"The first year was our first year back since the COVID pandemic, and we were getting back off the ground running and everything again. This year, let's continue the support from all the marchers, all the media presence, all the people behind the scenes putting the parade together, all the elected officials," said Daniel O'Sullivan, Chairman of the United Irish American Association (UIAA) on Thursday. "We hope to keep continue growing the parade to pre-pandemic terms, where [we have] 50-100 marching units, and getting back to being one of the most prestigious parades in the country."
For several years now, the UIAA has been helping set up the Buffalo St. Patrick's Day Parade. They take great pride in not only setting up one of the largest St. Patrick's Day celebrations in the country, but also being able to spread Irish heritage, Irish history, and all of the things they do to contribute to the Western New York community.
"It's something we really hang our hats on," O'Sullivan said. "We start meeting probably early November, all through the winter season, through the holiday seasons, to really make this a community event. We want to lift up the City of Buffalo, we want to lift up the neighborhood and surrounding communities, and come together and celebrate it. It's something that helps with tourism throughout this region, brings people in here. It lets them see what Buffalo is all about, and just does tremendous things for the city. We're grateful to be able to put this parade on, and be part of the growth and development that's going on around this region."
Bestowing the honor as Grand Marshal for the 2023 Buffalo St. Patrick's Day Parade is Jim Wannemacher, who works for New Era Cap and has been part of the parade committee for several years. He says being the Grand Marshal for one of the country's largest St. Patrick's Day celebrations is certainly an exciting honor.
"It still hasn't set in yet," said Wannemacher on Thursday. "Parade day, it'll be overwhelming, I'm sure. But it's amazing to be given this honor. It's been great so far, and I can't wait 'til Sunday."
Over the years, Wannemacher and his family has taken part in a lot of the Irish cultural activities across the city. It was shortly after New Era Cap made the move downtown when the parade asked if they could use New Era's building as their headquarters. It was a chance for Wannemacher to jump at the chance to do it, and along the way, became good friends with everybody on the committee.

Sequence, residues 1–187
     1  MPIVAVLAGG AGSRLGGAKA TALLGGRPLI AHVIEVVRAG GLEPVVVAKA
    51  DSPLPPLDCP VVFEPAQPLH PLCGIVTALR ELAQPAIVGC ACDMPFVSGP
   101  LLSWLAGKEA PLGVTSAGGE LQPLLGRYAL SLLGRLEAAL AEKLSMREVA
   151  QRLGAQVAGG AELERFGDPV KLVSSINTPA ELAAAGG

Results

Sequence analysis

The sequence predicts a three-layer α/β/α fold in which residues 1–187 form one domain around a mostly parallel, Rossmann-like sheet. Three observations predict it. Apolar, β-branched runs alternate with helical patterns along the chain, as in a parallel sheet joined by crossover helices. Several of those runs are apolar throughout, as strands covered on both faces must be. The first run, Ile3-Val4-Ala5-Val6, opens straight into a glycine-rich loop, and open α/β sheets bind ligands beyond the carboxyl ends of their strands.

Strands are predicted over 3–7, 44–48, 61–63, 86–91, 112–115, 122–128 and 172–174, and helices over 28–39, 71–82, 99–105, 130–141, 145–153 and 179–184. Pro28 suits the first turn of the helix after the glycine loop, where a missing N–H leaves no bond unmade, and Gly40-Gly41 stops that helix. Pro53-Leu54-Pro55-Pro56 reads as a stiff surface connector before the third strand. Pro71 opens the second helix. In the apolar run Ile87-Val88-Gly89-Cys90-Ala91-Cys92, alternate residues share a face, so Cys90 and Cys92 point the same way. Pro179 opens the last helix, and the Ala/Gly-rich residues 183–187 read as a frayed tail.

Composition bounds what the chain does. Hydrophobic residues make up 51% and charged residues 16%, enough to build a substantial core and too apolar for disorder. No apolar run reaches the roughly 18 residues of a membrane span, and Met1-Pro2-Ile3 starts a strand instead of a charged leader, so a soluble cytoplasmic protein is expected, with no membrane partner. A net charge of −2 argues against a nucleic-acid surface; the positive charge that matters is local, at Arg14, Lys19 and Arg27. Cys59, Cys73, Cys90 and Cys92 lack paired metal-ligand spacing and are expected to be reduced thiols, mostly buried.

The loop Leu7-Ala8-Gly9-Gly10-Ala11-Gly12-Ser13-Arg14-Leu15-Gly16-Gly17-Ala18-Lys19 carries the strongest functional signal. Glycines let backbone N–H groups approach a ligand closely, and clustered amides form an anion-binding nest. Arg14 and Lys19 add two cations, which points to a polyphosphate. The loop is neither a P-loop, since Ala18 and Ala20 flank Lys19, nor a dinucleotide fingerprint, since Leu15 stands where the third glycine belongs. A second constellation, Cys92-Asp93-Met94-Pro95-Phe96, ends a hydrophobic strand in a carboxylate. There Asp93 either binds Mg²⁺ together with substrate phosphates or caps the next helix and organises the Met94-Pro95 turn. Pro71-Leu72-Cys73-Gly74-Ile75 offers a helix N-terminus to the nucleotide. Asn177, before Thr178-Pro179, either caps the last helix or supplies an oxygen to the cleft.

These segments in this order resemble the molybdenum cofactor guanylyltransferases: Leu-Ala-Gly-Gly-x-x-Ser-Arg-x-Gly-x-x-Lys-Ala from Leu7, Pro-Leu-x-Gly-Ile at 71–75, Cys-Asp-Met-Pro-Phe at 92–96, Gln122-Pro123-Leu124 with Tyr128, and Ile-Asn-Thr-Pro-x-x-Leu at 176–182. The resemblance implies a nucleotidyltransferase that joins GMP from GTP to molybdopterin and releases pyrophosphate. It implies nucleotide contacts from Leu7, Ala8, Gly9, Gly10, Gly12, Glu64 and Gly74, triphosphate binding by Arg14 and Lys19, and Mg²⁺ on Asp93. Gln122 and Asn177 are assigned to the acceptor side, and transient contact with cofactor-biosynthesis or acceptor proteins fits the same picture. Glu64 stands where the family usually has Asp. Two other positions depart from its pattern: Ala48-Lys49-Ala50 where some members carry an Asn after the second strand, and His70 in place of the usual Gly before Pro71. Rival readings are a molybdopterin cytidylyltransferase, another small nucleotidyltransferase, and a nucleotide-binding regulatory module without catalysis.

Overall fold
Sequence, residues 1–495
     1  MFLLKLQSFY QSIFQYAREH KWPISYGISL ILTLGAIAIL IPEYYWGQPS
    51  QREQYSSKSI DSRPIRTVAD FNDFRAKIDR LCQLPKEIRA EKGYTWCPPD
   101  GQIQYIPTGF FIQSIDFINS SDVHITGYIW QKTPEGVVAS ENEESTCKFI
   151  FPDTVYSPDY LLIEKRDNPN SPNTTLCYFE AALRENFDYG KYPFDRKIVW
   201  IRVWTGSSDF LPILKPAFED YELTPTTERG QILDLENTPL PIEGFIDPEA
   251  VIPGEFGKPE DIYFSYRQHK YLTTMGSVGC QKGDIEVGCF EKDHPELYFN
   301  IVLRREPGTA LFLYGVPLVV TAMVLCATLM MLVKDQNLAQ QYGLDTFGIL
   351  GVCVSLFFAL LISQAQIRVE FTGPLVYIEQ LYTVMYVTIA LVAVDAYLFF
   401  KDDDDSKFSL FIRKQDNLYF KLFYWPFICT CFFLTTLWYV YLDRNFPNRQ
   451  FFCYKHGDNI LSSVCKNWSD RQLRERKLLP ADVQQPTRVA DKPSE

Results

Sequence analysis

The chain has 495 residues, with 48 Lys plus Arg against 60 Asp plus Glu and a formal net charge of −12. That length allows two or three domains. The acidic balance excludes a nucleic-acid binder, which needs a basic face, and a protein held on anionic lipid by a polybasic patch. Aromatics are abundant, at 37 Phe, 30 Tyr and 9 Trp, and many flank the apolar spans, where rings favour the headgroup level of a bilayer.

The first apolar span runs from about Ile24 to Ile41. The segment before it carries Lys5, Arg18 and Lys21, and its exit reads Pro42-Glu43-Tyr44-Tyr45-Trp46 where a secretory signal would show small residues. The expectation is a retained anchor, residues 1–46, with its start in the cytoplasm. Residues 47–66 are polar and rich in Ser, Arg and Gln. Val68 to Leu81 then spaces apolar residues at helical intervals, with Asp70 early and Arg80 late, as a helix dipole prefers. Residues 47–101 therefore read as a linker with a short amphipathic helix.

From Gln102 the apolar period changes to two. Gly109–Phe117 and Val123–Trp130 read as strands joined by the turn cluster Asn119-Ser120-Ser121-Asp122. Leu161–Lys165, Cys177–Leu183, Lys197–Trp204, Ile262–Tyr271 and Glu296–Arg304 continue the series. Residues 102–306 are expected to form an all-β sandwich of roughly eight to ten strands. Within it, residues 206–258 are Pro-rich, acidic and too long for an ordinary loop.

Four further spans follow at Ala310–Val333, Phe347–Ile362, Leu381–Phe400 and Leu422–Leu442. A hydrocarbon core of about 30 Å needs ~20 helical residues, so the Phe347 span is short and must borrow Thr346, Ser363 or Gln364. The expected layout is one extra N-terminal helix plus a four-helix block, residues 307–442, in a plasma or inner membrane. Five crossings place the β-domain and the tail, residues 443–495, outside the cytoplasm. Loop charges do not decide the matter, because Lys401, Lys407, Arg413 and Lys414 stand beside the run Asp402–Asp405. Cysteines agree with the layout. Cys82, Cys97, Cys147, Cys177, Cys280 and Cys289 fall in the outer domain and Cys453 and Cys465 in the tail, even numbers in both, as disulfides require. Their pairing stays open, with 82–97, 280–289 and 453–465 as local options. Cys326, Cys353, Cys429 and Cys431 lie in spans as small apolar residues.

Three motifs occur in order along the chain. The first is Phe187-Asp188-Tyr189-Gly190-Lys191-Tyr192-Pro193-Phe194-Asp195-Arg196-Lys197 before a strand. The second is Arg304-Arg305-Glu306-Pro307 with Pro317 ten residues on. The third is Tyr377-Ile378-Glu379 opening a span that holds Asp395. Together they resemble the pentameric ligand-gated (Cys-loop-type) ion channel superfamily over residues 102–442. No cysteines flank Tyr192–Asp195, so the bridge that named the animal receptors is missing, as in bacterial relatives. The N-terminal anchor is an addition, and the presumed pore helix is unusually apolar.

As for what he expects for the 2023 celebration, Wannemacher feels it will be a packed house down Delaware Avenue come Sunday.
"A lot of it depends on the weather, you never know, but I think everybody's getting back to normal," Wannemacher said. "Looking forward to having a good time downtown, getting back down here and watching the parade, and all their friends going up-and-down that route."
As for what may be new for the annual parade this year, Wannemacher says expect a few more bands to be playing down the streets, which always makes for great energy.
"We try to keep it to a group of people that are really coming down to support St. Patrick and the parade itself. Just good family fun, good marching units," he said. "The fire department will be coming down, and the police department helps us out a lot, but they'll be marching, as well. So just the pride of all that coming down, it'll be great."
Here is a list of St. Patrick's Day Weekend traffic closures to be aware of across the City of Buffalo:
Saturday, March 18 - Old Neighborhood Parade: 10:30 a.m. ET to 3 p.m. ET
- South Park Avenue (Hamburg to Lee)
- Smith Street (Elk to South Park)
- Elk Street (Smith to South Park)
- Hamburg Street (South Park to South)
- Louisiana Street (Ohio to Republic)
Sunday, March 19 - St. Patrick's Day Parade: 10 a.m. ET to 4 p.m. ET
- Niagara Square and Delaware Avenue (from Niagara Square to North Street)
Traffic closures to accommodate extra pedestrians in the Entertainment District: Saturday, March 18 at 10 a.m. ET to Sunday, March 19 at 6 a.m. ET
- Chippewa Street (Pearl to Delaware)
- Allen Street (Delaware to Wadsworth)
In addition, Bishop Michael Fisher from the Catholic Diocese of Buffalo has announced a commutation from eating meat on St. Patrick’s Day. A commutation means that those Catholics who choose to eat meat on Friday, March 17 are obliged to choose another day before March 24, 2023 to abstain from eating meat.